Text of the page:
As an independent traveler, it happens every so often: You find yourself walking beside a road in the middle of the desert, cars whizzing by you with little regard, no more than a bottle of water and a book in your bag. It was that way one afternoon in middle of Turkey as I made the 15-minute trek from the village of Goreme to the nearby museum that brings hundreds of thousands of tourists each year. So, at least I wasn’t alone in this thing.
The Goreme Open-Air Museum is the easy first choice of places to visit for those who make the journey out to deserts of Cappadocia. Once — like in the 10th through 12th centuries — a great religious center, the churches of Goreme are amongst the first of the other-worldly things I saw from the bus window driving in. What makes them so special is that they are not made of brick and mortar, stacked stones, or clay and wood. The structures that make up the open-air museum are carved into the rock faces and formations of one of the oddest landscapes on earth.
In Your Bucket Because…
- The Goreme Open-Air Museum is chock-full of 1000 year-old frescoes, has well-preserved caved dwellings of ancient monks and nuns, and overlooks whimsical rock formations that stretch endlessly into the horizon.
- Designated a UNESCO World Heritage Site in 1984, the churches of Goreme were an important place for early Christians seeking refuge from Roman soldiers and have survived centuries with very little change.
- Great for religious pilgrims, history aficionados, desert dwellers, and the culturally curious alike—Goreme’s centerpiece museum and the peculiarities surrounding it offer natural beauty (especially of the geological variety), canyon oases, and unusual glimpses into humanity’s past.
The Museum Inside and Out
The Goreme Open-Air Museum was deemed a UNESCO World Heritage Site in 1984, around 1000 years after the space first started functioning as a religious center. Nowadays, visitors pay a few bucks to enter and visit its myriad churches, which appear almost as mirages in the rock face: You are looking at an endless desert of dust-colored stone formations when suddenly doorways, windows, and balconies appear. The monastery crawls up the mountain side and deep into it.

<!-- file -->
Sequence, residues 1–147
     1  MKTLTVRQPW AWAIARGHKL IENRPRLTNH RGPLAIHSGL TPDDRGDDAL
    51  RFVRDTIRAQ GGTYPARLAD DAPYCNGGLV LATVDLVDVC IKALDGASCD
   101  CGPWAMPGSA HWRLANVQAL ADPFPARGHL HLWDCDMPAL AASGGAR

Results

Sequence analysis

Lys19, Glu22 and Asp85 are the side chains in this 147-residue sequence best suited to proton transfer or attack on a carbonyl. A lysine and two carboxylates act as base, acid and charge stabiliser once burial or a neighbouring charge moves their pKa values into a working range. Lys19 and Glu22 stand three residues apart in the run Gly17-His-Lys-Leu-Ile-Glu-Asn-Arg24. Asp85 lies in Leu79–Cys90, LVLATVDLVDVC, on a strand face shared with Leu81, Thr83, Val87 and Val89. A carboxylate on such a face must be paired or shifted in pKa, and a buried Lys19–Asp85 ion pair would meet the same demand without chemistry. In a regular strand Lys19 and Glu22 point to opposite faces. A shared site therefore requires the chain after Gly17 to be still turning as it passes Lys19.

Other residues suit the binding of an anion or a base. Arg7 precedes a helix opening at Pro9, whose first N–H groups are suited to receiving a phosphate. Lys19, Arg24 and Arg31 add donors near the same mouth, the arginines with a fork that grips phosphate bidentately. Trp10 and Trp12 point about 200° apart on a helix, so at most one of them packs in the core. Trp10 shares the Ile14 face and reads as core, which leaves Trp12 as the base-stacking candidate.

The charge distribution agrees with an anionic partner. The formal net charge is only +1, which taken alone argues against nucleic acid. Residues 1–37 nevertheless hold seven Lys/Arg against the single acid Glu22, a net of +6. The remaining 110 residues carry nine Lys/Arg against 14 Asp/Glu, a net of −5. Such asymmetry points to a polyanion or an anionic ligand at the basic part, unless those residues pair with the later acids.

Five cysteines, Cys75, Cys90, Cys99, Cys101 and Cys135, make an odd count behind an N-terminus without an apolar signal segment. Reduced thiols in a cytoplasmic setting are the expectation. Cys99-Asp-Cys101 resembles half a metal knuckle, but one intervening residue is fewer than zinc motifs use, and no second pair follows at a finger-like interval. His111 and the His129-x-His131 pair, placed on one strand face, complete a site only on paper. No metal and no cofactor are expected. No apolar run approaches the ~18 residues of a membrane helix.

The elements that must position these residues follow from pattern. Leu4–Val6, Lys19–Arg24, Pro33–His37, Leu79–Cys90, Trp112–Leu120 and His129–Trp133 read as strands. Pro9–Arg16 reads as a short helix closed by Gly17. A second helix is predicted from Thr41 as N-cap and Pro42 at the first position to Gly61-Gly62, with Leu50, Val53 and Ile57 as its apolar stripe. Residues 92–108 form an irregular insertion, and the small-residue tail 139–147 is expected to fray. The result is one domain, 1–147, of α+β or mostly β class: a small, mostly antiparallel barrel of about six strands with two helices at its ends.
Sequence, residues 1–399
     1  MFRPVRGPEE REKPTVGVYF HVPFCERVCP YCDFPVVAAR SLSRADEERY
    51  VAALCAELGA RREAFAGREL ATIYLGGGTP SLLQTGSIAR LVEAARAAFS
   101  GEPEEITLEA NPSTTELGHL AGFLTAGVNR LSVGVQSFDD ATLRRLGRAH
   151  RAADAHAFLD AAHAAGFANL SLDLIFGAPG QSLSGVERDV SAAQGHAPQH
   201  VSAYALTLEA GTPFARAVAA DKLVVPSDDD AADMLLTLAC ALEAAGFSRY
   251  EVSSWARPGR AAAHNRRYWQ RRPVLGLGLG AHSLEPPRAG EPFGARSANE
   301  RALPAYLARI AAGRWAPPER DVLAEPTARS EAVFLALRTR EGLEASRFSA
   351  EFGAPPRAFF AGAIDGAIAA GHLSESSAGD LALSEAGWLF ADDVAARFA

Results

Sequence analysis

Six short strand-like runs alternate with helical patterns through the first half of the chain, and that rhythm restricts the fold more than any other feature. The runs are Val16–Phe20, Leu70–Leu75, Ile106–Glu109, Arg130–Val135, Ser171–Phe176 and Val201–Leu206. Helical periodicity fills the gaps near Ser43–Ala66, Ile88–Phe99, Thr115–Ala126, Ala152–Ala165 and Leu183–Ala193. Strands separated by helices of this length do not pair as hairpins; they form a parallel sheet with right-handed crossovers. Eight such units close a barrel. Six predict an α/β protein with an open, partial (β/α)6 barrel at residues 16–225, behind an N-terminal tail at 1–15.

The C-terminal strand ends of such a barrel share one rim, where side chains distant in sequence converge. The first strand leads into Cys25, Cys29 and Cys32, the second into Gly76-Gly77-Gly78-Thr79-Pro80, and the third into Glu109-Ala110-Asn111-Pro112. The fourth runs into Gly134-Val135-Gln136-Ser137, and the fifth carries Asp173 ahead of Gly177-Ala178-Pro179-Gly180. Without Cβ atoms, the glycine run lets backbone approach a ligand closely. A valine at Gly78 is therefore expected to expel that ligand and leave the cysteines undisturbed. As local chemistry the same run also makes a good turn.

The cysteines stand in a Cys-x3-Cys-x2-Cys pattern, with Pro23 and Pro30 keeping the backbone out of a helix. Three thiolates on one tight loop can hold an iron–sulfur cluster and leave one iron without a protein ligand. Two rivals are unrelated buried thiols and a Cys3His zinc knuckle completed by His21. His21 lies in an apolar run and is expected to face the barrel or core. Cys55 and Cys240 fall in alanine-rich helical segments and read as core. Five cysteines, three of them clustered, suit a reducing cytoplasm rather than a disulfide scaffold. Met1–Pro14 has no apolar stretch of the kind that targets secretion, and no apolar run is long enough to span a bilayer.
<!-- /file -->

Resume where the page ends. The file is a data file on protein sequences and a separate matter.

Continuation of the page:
As this was our first visit to one of many of Cappadocia’s unique dwellings, and the only one readily available without a tour guide, we — my mother-in-law, wife, and I — explored every nook and cranny we came across. We crawled through low passageways, deeper into the monastery’s sanctuaries, churches, and former homes. Throughout, we discovered fresco paintings, from simple clay orange geometric designs to elaborate murals depicting saints in front of bright, crafted backdrops. Due to the environment, many hadn’t faded over the centuries. Cave paintings have never been so fine.
Goreme in Context
Just as important as the exploring the inside of The Open-Air Museum is appreciating what’s around it. Cappadocia is one of those places on this planet that seems to be from another one completely. Fairy chimneys, the desert’s signature rock formations, rise up from landscape in all directions and a myriad of shapes, from classic teepee to thick pedestals with a single boulder balanced atop them. Others are outright phallic. Within craggy collection of rocks, wild rushes of greenery appear, and above them both, the sky is vivid blue.
Then, there was our hotel. Throughout the deserts of Cappadocia, there are underground cities to visit, homes and shops bundled into the bases of fairy chimneys, and the dark mouths of caves as far as the eye can see, and in the village of Goreme, several hotels offer cave rooms. I imagine they are more comfortable than a few centuries back, perhaps a bit contrived, but for us, the prospect was just irresistible. Seriously, look at the picture. Who doesn’t want to spend the night in a fancy cave?
- We took the public bus system to get there, an overnight journey; however, planes and trains go to Kayseri, about an hour away from Goreme.
- Remember to carry water. This is the desert, so the heat and aridity can sneak up on you.
- This region is one of the world’s premier sites for hot-air balloon rides. Tour companies will pick you up before dawn so that you can be airborne for the sunrise.
- Cappadocia is hot and dry in the summer, but should you be a winter visitor, prepare yourself for cold and possibly snow. Also, regardless, remember the desert gets chilly at night.
- It takes a few days to explore the sites around Goreme and they are pretty unique from one another, so it’s worth booking three or four nights.